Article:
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ABC No More Like OCD: Living with Obsessive Compulsive Disorder

Everyone has said something similar to "I'm so OCD I like my clothing organized by color" or "I can't stand when blankets aren't folded evenly, it's the OCD in me" etc. However, for someone like me that's not what living with OCD is like. It's quite a different experience and one that isn't all that fun. But before continuing lets define what Obsessive Compulsive Disorder (OCD). According to the American Psychiatric Association, "OCD is an anxiety disorder in which time people have recurring, unwanted thoughts, ideas or sensations (obsessions) that make them feel driven to do something repetitively (compulsions). The repetitive behaviors, such as hand washing, checking on things or cleaning, can significantly interfere with a person’s daily activities and social interactions.

Many people have focused thoughts or repeated behaviors. But these do not disrupt daily life and may add structure or make tasks easier. For people with OCD, thoughts are persistent and unwanted routines and behaviors are rigid and not doing them causes great distress. Many people with OCD know or suspect their obsessions are not true; others may think they could be true (known as poor insight). Even if they know their obsessions are not true, people with OCD have a hard time keeping their focus off the obsessions or stopping the compulsive actions."

In my personal experience my OCD didn't start out with repeating actions over and over, at first it was repeated negative or anxious thoughts. I would find my self focusing on what I felt I did that was stupid or embarrassing (recently or just throughout my life) and repeatedly think of it over and over until I was so stressed out I felt sick. These thoughts could be something as mundane as "I can't believe I didn't catch that spelling mistake in my post" or dwelling on a conversation that I felt could have went better. It wasn't always big dramatic things like getting sick or fired, for me it was the stupid little thoughts of self doubt that just kept on cycling through my mind that made my anxiety go through the roof.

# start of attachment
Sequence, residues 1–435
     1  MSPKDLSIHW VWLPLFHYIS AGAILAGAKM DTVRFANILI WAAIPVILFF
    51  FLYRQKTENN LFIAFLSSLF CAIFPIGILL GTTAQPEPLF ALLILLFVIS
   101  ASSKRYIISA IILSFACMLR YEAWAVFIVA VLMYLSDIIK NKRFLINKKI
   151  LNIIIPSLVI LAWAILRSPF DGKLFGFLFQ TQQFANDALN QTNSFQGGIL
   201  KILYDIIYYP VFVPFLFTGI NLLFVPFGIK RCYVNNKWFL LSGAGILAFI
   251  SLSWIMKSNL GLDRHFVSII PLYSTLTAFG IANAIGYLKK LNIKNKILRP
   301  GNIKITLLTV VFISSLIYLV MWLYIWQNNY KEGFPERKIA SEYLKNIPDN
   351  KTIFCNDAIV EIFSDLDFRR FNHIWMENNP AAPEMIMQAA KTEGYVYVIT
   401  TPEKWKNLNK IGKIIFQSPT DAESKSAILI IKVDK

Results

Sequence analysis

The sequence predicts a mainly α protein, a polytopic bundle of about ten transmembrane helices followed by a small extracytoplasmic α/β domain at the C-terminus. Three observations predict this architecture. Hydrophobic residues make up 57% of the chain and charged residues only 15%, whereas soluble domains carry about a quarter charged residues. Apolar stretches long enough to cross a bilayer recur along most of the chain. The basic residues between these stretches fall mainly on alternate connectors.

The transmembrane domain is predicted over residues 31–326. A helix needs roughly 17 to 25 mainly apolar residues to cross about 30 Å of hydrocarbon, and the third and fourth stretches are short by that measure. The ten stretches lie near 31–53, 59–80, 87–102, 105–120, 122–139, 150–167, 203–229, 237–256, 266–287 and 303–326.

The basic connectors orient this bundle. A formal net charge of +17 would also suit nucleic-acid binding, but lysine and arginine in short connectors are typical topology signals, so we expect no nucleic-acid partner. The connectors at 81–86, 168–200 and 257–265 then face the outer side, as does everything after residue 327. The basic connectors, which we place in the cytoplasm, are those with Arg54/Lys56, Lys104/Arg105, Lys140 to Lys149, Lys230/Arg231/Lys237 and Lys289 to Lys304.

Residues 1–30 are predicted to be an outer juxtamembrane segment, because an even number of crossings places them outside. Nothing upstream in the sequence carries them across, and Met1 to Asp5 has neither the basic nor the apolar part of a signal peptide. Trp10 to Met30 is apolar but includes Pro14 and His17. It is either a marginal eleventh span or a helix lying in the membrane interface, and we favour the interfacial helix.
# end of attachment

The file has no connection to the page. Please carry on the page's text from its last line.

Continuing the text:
Obsessive Compulsive Disorder is not the only behavioral issue I suffer from. I also have been diagnosed with moderate recurrent major depression and generalized anxiety disorder. I'm also an empath but that's a discussion for another time. These conditions are something I have been battling all my life and still to this day. Over the years I have learned to handle it better and I of course sought out treatment/therapy for it. I currently take medication daily to help me combat these issues. However that doesn't mean this made me immune to feeling extreme stress or overly anxious. Sometimes I deal with it better than others. In fact it was my generalized anxiety that took over a few years back changing my OCD from just thoughts to actions and from worrying about silly things to being scared the worst would happen all the